The Conservative Party certainly supports the existing deductions and the national child benefit program and would like to see this enhanced, but the benefit program does not provide enough assistance for many lower income parents to be able to consider staying at home to raise their children, and it provides next to nothing for parents once they are in the middle income range.

Rather than devoting billions of dollars to a child care program that will help only a small group of parents, that will pay for structures rather than services, that will lead to even higher government spending and higher taxes for families, and that runs the risk of conflict with provincial governments, we urge the federal government to devote much of the money to cutting taxes for lower income and middle income Canadians, enhancing the existing tax credits for families with children, extending them to more families, and using tax relief and credits to help support those choices that Canadian parents want to make for their own children.

The tax system is completely within the jurisdiction of the federal government, so there is no need for complex negotiations or confrontation with provinces that may have different priorities.

The best division of the work, one respectful of Canada's federal nature, is what was agreed on when the National Child Benefit was created. In other words, let the provinces define the child care program they want, which may or may not include in regulated daycare spots, while the federal government provides financial support to parents and children through the tax system.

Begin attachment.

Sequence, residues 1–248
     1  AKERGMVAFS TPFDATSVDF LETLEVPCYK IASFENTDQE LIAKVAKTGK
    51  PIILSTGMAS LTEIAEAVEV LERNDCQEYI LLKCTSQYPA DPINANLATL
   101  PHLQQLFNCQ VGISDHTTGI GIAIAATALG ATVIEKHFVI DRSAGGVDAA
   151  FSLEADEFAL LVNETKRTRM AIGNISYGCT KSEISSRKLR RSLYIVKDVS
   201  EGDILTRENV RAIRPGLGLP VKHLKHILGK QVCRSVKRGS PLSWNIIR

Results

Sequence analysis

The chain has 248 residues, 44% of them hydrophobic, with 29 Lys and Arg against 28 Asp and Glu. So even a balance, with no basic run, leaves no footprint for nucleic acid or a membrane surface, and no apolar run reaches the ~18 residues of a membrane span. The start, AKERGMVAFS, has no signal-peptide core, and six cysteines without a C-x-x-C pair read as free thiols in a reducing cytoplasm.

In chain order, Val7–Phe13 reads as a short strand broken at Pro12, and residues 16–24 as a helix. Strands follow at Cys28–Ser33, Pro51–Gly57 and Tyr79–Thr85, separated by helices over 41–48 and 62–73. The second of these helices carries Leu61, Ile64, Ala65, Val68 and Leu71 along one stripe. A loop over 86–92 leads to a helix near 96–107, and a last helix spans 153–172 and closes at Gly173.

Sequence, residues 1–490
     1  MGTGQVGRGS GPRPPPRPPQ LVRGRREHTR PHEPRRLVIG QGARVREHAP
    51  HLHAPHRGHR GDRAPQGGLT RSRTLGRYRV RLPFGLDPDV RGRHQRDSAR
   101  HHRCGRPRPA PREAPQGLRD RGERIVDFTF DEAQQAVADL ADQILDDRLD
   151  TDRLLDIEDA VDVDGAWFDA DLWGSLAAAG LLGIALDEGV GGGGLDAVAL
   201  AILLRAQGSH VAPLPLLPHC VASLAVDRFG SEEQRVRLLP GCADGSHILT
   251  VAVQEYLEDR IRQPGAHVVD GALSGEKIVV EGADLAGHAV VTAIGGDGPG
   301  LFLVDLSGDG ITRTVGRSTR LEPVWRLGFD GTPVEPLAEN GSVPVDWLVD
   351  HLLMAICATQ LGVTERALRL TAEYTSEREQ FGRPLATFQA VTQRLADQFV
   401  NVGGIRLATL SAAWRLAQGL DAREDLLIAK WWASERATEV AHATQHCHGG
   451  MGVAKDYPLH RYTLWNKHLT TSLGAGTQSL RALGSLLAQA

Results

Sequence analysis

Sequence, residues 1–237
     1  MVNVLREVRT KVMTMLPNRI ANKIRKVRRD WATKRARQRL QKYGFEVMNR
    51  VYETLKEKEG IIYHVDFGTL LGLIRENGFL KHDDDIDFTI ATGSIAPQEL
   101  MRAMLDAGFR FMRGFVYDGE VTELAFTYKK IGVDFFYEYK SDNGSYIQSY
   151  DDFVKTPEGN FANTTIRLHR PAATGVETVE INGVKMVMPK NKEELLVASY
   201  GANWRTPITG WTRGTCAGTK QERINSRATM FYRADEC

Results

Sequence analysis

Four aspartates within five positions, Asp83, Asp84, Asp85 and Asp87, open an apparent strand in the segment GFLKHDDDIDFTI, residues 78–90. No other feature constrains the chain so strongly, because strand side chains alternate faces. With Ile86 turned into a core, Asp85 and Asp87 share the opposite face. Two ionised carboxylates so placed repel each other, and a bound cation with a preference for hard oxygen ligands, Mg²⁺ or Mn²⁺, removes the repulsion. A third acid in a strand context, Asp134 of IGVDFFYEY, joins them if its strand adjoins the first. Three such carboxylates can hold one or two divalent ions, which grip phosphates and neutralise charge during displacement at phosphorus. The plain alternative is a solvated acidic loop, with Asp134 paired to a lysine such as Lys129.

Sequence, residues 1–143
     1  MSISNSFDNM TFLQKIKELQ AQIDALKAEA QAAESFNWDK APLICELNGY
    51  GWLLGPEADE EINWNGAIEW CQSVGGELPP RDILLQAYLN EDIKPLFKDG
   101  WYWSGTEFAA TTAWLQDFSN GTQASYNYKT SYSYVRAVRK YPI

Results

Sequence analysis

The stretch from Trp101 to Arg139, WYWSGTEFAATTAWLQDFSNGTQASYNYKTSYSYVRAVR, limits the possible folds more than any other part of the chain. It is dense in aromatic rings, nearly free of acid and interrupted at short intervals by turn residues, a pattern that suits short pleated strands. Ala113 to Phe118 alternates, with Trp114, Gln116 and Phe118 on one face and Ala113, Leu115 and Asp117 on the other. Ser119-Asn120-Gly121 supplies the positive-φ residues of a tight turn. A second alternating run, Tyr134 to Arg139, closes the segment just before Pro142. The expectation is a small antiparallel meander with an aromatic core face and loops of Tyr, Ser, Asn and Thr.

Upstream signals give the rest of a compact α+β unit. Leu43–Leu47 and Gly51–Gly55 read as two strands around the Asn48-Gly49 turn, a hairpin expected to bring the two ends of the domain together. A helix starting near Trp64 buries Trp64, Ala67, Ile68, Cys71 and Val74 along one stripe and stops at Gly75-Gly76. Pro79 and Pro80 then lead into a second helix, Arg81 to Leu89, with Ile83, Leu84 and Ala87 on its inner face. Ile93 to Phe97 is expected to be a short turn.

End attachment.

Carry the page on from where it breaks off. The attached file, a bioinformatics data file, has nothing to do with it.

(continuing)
These changes could begin as early as next week's budget.

If the other parties in the House support this motion, it would be a strong signal to the government that it is time to end the pipe dream of a universal program of institutional child care and instead replace it with a universal program of supporting Canadian parents as they make their own choices for their own children.

Questions on the Order Paper
Government Orders

10:15 a.m.

Liberal

Paul Szabo Mississauga South, ON

Mr. Speaker, as I understand the motion presented to the House today, it is calling for choice so that families can choose the type of care they want to provide for their children. On that basis, I am going to support the motion.

One of the first petitions I presented in the House had to do with income splitting in families so that one of the family could stay at home and care for preschool children. The petition stated that “managing the family home and caring for preschool children is an honourable profession which has not been recognized for its contribution to our society” and that unpaid work is still work and should be recognized.

In addition to the comments made, let me say that there is a child care expense deduction under the Income Tax Act which is available only to those who pay others to provide care for their children. I wonder if the Leader of the Opposition would also agree that this child care expense deduction should be changed to a credit which would be available to all families regardless of the form of care.

Questions on the Order Paper
Government Orders